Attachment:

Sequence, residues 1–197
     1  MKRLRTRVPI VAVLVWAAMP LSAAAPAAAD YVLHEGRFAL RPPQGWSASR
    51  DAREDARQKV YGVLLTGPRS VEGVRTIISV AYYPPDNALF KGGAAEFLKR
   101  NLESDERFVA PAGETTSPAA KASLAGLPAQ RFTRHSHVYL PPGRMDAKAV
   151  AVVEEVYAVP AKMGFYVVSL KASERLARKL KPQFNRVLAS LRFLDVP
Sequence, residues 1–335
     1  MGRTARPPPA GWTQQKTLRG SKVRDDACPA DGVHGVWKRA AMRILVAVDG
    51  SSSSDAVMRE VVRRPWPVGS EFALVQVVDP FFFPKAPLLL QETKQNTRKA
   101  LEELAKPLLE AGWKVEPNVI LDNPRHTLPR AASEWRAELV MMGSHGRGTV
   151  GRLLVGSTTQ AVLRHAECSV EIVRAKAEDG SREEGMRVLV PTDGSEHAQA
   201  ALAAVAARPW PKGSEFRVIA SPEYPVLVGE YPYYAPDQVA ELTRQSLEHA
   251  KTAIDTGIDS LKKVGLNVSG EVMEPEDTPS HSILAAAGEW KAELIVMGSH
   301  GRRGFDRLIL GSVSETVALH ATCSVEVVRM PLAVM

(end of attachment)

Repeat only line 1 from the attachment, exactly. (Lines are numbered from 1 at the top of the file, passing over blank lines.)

Sequence, residues 1–197